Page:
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This seems interesting, but I'm confused as to what the point of this is over "work at an EA org". It seems like most EA orgs, are bottlenecked a lot more on talent than money, and if you're doing high-talent work for an EA organization than your marginal hour is likely more valuable than $60/hr. I wonder what subset of the population would benefit substantially from this advice—it seems like earning to give and direct work cover most of the space that earning to volunteer might.

What kind of person is this advice targeted at, and why do you think that this is better than direct work for those people?

"If you're doing high-talent work for an EA organization than your marginal hour is likely more valuable than $60/hr." And yet, few EA orgs pay $60-$90 per hour for non-programming jobs? Seems reasonable to me that someone might want to tutor or program for cash while writing EA content on the side, rather than getting paid a low writer's wage to produce said content -- the latter has comparable income, less total work, but also less flexibility to work when you want. Plus if you're volunteering, you can more easily hop between organizations to always focus on the projects that seem highest-impact to you.

Another advantage of earning-to-volunteer is to build skills in a large market where you're sure of your long-term prospects. Versus jumping into an EA career might seem riskier, since you are putting more of your life's eggs into the EA basket.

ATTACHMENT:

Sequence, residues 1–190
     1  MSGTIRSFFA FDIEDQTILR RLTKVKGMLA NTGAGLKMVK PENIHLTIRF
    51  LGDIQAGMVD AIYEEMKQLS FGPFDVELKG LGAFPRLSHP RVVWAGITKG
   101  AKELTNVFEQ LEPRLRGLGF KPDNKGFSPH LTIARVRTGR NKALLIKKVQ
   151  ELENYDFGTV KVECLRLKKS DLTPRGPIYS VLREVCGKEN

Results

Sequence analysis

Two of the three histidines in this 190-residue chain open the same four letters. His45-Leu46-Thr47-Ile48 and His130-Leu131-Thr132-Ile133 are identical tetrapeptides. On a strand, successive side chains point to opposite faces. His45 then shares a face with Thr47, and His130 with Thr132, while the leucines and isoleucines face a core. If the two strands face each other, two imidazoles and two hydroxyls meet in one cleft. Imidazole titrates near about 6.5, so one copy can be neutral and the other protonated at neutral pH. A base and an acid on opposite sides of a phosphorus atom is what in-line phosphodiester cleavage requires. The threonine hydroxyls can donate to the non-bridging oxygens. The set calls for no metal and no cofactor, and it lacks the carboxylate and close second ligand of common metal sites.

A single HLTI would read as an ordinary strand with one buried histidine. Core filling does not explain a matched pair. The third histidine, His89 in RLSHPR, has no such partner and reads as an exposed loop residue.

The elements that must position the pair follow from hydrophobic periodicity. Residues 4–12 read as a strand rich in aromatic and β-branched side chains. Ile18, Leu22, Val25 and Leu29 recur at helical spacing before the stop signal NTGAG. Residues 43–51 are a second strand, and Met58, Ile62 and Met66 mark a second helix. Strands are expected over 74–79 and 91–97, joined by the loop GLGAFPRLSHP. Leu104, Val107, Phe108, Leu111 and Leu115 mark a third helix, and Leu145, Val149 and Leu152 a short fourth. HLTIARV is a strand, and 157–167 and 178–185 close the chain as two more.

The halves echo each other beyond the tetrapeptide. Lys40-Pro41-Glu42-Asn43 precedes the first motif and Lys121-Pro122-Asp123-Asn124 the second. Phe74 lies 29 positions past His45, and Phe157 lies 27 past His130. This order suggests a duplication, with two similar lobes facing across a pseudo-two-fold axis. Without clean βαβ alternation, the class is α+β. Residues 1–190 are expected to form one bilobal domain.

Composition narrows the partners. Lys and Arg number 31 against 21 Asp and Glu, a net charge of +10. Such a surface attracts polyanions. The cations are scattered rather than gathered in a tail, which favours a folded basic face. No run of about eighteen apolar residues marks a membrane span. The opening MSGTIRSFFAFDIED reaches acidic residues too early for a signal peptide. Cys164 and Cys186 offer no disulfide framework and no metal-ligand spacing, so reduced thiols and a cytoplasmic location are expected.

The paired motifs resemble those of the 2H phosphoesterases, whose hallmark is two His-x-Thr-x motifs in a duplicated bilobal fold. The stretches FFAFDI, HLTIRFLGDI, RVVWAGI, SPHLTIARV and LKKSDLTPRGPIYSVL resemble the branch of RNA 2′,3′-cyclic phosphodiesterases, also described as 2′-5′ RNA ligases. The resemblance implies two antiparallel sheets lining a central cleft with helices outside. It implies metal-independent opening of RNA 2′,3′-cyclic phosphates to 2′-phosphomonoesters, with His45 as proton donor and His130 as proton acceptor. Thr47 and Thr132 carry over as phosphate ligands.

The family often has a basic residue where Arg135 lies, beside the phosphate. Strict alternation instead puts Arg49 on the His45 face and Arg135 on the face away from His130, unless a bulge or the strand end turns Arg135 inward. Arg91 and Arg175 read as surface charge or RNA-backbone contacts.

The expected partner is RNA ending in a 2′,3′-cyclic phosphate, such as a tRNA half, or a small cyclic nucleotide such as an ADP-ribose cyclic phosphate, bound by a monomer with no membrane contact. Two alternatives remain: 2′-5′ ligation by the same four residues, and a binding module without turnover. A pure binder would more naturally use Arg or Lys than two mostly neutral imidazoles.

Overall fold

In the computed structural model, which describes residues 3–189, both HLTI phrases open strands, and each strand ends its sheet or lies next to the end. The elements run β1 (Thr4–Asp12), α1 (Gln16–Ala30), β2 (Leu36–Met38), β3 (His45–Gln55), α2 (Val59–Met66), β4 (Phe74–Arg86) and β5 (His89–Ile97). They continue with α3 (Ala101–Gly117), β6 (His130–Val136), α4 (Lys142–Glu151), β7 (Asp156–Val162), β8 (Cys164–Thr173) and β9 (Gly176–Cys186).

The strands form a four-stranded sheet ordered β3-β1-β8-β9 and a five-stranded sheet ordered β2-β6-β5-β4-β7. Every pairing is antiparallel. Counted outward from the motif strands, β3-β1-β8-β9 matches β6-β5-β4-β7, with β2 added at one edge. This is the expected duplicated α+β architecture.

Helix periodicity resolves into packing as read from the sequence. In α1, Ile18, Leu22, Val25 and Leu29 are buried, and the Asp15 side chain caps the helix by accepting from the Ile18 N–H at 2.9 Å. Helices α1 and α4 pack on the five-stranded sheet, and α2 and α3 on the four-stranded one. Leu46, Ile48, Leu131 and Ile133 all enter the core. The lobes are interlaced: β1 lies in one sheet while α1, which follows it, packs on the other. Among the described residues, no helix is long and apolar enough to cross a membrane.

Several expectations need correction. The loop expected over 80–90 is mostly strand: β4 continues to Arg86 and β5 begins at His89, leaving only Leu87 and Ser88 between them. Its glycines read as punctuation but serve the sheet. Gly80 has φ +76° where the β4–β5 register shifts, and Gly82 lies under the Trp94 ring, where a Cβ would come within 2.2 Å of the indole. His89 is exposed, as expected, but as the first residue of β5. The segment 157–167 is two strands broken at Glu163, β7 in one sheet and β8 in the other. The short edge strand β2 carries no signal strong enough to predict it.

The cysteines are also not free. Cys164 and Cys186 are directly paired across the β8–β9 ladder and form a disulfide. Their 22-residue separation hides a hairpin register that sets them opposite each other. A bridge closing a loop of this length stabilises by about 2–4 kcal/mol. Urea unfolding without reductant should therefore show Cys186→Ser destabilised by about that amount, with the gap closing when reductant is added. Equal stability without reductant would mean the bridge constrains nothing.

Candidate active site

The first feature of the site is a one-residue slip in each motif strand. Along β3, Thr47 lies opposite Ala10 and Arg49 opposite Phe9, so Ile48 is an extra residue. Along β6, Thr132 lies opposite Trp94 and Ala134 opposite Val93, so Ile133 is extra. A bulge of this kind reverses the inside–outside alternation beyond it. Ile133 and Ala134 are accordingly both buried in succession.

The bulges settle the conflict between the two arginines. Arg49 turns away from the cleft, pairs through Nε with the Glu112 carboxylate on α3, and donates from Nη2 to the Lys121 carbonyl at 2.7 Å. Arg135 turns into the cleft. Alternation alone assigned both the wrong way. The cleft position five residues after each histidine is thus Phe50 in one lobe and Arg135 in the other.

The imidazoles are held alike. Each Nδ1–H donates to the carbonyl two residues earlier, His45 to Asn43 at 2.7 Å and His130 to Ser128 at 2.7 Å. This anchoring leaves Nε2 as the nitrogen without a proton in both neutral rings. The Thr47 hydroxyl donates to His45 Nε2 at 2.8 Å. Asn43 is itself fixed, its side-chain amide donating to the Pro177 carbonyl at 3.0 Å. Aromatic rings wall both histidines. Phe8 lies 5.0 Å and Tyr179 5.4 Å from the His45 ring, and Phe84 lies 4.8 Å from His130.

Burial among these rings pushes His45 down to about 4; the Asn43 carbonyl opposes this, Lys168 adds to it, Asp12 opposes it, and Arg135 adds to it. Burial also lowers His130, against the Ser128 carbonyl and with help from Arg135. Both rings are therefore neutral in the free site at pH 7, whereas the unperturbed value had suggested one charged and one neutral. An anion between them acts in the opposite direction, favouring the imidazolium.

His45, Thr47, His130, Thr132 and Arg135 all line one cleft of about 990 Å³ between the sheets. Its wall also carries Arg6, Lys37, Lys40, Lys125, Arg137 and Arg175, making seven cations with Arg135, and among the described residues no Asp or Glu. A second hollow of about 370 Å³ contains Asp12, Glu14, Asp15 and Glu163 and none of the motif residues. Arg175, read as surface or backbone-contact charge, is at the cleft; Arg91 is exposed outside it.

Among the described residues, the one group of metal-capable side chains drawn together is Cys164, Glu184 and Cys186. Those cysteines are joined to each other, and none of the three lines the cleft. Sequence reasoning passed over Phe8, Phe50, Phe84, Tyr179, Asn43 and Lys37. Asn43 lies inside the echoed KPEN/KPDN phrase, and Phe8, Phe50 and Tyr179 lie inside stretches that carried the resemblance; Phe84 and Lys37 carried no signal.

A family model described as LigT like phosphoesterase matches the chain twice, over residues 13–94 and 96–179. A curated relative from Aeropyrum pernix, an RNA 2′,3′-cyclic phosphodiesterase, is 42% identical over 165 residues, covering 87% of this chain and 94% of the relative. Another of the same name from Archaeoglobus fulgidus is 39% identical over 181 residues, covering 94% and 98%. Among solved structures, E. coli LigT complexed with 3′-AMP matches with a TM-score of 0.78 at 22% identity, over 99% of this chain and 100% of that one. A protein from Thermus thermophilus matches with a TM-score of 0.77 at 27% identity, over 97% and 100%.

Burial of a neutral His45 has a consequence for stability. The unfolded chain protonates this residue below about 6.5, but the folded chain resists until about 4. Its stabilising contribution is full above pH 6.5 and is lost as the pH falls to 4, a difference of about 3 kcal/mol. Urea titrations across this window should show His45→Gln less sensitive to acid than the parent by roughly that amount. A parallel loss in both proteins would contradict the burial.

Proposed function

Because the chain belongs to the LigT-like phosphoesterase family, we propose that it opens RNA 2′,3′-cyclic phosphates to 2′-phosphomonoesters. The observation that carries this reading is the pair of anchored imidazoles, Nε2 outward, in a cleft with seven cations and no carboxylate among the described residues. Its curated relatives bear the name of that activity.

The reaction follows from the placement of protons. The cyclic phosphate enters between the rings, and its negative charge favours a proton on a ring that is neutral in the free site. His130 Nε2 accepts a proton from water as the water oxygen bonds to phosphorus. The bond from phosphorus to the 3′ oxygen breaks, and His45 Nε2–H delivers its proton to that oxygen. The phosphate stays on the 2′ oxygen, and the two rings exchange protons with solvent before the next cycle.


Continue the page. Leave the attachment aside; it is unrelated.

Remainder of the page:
I think this strategy might be suitable for some people, enabling them to have a nice (if busy) lifestyle while also having fun contributing a lot to EA. But of course I don't think EA should try to market it widely because it might come dangerously close to sounding like we are advocating for people to slack off on their day job and rip off their employers. That message would be terrible for EA's reputation.

Regarding bottleneck, some areas are massively funding constrained e.g. I'm not sure I could name a single mental EA mental health charity that is talent constrained. People who graduate with firsts from the world's top 3 or so neuroscience/psychology departments, with a ton of work experience, are passionate enough to be willing to volunteer 20Hs per week but one can't hire and train them up as there simply isn't enough funding.

This advice is targeted at:

  • people who want to work for a funding constrained organisation
  • people who aren't sure what they want to do yet and want to test out a wide range of different options without having to commit yourself to any given one for the length of the typical employment contract.
  • people who want to work directly but the salary is to low and they want to supplement it.
  • People who want to be able to work on whatever they feel is important without having to spend their time convincing people it's worth paying them for. -Peoole earning to give in fields where you can make much more per hour as a freelancer (albeit perhaps less overall due to lower volume) who are considering transitioning to working directly.
  • people who aren't sufficiently 'elite' to get paid to work on an area they care about in the role they want to work in.
  • etc